In phonetics, the schwa symbol (notated with an ə) represents the uh sound, which is fascinating for many reasons: it's the most common vowel sound in English, it's the most relaxed sound our mouths can make, and it can be represented by any vowel letter. The first usage of this linguistic term was in an 1895 comparative philology textbook. That was taken directly from German, and the Germans borrowed the word from Hebrew sheva, which denoted a type of diacritic placed under a letter to indicate the absence of a following vowel sound (Jewish grammarians regarded the schwa as not being a vowel, due to its neutral qualities). Further back, sheva meant "emptiness" and may come from an Aramaic word swaya, meaning "equal" or "even".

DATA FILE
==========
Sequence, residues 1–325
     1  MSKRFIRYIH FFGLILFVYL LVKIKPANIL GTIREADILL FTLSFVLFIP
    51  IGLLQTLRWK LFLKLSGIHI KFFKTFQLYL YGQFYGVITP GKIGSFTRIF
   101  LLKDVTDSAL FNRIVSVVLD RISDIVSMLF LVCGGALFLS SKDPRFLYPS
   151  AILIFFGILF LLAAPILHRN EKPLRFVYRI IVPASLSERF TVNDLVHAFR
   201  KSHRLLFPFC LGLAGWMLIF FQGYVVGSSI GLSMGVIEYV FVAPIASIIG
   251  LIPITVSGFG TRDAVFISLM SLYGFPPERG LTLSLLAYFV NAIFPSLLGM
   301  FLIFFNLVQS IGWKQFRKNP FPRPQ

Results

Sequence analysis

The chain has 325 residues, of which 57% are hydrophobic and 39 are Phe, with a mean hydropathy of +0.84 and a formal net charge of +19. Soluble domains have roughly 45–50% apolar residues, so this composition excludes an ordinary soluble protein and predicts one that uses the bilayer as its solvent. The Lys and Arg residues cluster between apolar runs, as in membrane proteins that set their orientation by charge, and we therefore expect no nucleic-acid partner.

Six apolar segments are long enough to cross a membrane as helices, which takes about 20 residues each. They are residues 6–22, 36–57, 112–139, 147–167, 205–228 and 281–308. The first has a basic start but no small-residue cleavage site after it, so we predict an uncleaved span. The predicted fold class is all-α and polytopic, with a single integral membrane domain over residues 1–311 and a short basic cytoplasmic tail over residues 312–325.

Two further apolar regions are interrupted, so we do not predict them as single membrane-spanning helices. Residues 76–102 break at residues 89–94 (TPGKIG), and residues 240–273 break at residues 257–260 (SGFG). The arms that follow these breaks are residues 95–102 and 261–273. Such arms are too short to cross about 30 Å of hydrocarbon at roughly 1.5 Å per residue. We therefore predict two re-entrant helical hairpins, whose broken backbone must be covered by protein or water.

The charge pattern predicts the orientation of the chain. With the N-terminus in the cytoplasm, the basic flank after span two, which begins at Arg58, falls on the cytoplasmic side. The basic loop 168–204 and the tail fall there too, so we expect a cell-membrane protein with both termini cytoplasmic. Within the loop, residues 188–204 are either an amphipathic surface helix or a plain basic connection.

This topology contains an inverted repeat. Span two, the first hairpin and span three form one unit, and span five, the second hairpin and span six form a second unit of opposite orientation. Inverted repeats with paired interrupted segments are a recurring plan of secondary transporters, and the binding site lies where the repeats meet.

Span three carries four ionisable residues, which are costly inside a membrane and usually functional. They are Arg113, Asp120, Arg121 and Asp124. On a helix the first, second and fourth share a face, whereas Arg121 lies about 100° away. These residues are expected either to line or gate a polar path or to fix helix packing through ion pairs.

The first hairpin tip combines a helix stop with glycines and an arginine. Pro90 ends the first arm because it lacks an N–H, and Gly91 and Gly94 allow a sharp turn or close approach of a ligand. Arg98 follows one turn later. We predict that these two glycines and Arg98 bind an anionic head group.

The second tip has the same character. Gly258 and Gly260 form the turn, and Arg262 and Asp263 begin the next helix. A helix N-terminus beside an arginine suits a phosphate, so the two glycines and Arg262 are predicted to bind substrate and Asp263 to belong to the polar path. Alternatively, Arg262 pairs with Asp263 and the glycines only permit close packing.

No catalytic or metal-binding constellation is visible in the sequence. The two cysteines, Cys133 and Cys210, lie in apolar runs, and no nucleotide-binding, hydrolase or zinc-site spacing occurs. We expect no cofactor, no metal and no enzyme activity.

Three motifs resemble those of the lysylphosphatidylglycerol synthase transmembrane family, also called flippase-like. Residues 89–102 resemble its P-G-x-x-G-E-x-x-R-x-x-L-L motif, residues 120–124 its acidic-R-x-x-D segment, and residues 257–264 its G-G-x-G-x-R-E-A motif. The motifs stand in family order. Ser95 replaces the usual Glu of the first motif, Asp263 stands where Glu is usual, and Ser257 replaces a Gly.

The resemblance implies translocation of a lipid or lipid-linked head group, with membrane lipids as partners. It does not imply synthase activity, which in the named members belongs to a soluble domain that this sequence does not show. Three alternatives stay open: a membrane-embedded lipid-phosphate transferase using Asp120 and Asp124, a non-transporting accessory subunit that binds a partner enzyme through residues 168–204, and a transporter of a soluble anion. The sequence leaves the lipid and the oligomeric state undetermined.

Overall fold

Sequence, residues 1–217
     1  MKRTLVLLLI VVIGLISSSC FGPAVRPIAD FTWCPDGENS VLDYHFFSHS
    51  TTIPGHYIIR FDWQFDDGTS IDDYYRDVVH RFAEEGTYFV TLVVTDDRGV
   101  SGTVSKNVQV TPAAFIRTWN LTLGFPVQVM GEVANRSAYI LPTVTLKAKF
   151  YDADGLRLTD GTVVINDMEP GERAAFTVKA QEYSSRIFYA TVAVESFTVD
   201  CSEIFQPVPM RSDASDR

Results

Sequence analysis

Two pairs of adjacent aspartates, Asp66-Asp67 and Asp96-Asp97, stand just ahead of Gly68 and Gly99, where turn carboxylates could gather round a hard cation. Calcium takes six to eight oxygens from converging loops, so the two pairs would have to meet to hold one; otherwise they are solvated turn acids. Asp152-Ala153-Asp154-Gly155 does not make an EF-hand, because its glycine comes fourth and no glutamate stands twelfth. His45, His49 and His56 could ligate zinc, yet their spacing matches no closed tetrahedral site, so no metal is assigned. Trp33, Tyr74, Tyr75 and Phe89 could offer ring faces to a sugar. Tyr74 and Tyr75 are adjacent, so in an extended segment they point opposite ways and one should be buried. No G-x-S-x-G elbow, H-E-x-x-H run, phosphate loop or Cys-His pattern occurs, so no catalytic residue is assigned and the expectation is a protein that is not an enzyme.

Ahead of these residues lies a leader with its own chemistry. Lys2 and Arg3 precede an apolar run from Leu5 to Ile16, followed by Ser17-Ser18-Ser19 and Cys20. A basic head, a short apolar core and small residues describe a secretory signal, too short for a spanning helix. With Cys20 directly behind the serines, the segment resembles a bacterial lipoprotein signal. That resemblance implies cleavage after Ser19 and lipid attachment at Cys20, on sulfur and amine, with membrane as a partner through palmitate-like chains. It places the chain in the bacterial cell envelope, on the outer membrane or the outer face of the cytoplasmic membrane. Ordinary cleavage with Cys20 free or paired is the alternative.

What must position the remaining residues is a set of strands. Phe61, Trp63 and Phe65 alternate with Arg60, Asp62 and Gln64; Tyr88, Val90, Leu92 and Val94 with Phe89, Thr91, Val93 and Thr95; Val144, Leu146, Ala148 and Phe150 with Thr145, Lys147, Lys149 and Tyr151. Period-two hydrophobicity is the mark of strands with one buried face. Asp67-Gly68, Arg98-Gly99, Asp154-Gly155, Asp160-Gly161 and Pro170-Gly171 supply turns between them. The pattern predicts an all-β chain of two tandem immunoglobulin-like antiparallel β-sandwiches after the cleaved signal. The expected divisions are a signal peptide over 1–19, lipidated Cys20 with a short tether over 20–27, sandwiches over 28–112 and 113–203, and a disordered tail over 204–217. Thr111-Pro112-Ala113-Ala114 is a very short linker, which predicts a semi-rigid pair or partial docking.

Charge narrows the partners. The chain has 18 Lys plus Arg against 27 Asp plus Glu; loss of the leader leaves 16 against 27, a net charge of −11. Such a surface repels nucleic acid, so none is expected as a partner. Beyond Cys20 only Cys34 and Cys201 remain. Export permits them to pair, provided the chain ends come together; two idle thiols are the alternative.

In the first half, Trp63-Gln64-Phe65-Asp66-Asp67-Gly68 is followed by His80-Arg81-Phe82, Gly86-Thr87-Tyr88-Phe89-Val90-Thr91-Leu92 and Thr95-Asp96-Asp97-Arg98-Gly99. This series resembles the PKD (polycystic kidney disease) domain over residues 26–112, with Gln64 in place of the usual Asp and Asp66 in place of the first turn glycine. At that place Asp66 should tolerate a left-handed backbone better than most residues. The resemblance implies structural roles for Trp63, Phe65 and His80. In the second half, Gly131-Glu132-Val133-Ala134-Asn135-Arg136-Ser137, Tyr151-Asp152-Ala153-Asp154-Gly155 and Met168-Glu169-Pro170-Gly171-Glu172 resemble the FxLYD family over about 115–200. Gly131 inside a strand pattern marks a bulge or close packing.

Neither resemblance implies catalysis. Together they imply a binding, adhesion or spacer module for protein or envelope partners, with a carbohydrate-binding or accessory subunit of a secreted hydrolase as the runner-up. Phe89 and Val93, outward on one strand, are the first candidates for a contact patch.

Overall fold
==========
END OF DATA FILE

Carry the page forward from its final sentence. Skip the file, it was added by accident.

Hello! I'm Adam Aleksic. This year, I graduated from Harvard University with a degree in Government and Linguistics. There, I co-founded the Harvard Undergraduate Linguistics Society and wrote a thesis on Serbo-Croatian language policy, magna cum laude. In addition to etymology, I also really enjoy philosophy, trivia, vexillology, geography, board games, conlanging, art history, and law.